Luckily it's the plants, not the people, who are hitting the roof...
Many people who come to visit The Glasshouse want to know about our massive traveller’s palm, the beautiful Ravenala madagascariensis
, which has been growing in the Tropical Zone of The Glasshouse
since it opened in 2007.
A little background information on the plant: Ravenala
may be known as the traveller’s palm, however it isn’t actually a palm, but a member of the Strelitzia
family. This relationship can be seen more clearly in the flowers; although Ravenala
doesn’t have the colourful bracts seen in Strelitzia reginae
(the bird of paradise flower), the shape is similar.
grows in Madagascar and it is pollinated by lemurs, ruffled lemurs to be exact, and these are thought to have evolved in tandem with the Ravenala
, with the shape of the bracts fitting the lemur’s long nose.
It is possibly known as the traveller’s palm for two reasons. One, the leaves trap water for thirsty wanderers (although the water is not very appetising); and two, it grows on an east/west line, so it can be used for navigation. The plant is very useful to the people of Madagascar; the heart is eaten, and the trunk and leaves are used for building, a very functional plant!
Now to our Wisley Ravenala
. The reason we get asked about it, is because it has now grown so big that it has hit the ceiling pipes and it just keeps on growing. The unfortunate tree has already been moved once and it is now in the tallest part of the Tropical Zone.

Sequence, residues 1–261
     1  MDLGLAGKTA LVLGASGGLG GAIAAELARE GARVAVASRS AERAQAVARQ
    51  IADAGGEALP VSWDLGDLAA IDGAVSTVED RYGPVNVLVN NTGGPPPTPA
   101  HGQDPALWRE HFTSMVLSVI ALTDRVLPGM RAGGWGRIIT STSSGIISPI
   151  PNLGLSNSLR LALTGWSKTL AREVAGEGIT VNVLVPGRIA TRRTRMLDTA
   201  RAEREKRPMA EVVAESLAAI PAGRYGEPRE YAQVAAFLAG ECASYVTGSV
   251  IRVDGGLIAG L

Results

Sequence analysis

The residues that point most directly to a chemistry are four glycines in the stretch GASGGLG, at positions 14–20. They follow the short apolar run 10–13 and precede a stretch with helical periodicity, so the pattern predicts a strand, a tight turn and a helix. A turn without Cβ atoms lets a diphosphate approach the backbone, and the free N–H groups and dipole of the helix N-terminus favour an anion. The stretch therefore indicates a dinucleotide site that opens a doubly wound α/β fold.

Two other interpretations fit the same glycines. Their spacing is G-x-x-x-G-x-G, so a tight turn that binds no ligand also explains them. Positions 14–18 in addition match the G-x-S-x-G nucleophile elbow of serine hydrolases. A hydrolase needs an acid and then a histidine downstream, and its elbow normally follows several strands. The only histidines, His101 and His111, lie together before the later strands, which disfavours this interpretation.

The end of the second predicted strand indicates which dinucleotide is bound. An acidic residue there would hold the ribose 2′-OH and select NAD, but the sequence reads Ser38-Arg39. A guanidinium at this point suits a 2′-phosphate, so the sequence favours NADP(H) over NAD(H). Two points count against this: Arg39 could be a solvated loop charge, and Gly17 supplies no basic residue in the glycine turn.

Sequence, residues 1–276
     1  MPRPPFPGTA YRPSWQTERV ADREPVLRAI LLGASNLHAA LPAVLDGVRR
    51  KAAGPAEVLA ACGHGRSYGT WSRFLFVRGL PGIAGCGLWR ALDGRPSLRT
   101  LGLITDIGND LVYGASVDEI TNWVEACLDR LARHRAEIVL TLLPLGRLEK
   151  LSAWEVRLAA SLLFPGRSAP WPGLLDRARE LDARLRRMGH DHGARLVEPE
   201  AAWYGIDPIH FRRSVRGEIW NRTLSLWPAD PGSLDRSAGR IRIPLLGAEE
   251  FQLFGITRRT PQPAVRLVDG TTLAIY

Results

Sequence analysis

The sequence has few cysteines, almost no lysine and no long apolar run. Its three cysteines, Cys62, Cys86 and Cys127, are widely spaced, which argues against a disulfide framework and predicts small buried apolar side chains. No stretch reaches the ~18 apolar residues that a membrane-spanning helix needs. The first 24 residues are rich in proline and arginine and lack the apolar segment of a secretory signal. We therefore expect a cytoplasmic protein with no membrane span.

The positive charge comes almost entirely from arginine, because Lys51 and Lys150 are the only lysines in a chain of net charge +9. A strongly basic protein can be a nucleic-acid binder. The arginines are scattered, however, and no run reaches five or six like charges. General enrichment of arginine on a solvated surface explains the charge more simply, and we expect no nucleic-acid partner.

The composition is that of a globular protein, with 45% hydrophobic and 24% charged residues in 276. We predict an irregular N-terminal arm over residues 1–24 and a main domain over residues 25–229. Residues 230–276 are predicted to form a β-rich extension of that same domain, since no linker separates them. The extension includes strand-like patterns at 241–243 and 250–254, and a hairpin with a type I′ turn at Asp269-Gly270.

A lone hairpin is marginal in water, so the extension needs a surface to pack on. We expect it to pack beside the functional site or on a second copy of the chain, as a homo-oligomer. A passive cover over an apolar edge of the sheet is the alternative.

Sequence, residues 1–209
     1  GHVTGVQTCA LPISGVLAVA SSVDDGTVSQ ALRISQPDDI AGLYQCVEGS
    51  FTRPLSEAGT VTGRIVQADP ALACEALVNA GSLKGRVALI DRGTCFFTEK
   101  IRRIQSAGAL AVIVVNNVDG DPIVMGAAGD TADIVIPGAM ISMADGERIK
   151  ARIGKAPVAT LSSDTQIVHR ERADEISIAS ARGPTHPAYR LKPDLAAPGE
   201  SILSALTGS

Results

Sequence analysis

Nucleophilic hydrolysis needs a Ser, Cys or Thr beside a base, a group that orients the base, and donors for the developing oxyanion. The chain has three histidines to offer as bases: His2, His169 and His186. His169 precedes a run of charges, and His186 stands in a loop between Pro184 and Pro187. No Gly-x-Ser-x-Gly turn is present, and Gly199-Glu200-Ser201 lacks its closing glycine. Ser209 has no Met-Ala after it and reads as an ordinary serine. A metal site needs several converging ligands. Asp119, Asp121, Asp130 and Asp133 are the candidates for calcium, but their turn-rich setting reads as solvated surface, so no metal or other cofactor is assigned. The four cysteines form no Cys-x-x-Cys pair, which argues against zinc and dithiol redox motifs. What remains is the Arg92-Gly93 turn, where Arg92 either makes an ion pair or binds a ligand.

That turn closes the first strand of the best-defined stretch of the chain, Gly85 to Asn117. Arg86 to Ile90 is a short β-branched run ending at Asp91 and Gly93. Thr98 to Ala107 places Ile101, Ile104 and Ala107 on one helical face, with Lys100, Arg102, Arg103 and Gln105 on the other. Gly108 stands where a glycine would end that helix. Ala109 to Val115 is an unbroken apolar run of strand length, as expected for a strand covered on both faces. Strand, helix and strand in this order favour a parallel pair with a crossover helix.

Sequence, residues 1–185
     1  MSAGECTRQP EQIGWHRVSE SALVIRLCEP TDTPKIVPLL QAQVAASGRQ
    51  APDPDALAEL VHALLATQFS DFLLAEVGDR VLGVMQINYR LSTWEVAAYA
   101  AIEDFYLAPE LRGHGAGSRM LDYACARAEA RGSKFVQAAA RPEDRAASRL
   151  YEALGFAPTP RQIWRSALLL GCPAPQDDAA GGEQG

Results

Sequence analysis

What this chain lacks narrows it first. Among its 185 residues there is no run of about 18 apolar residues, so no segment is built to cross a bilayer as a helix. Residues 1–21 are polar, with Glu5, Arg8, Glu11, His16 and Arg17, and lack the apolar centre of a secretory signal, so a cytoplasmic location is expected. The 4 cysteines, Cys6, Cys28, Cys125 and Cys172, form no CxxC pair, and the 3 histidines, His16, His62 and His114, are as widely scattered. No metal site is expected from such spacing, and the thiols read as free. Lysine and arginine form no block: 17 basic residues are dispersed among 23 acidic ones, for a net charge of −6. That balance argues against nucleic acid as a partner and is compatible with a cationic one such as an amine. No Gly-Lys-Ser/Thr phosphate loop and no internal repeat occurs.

Quite simply, there is nowhere left for it to go, so I’m afraid at some point soon we will have to cut it down. We are trying to delay the inevitable for as long as possible and some photos shown here are of Greg and Valeria removing a few of the leaves that became entangled, to give it a little more space to keep going.
Palming off on someone else?
Concerned visitors ask if there’s anybody we can donate it to, but although there are a few glasshouses larger than ours (Kew for example), nobody wants it enough to take on the very complicated logistics in getting a plant of such size out of Woking and into another glasshouse (just getting it out of the door would be tricky).
A real advantage of tropical plants is that they grow incredibly fast - remember that this massive plant is less than 10 years old. In preparation for the day when the Ravenala can no longer cope in the small space, we have been growing a few new plants from seed. They are already several feet high and in no time at all we’ll have a Ravenala touching the ceiling again.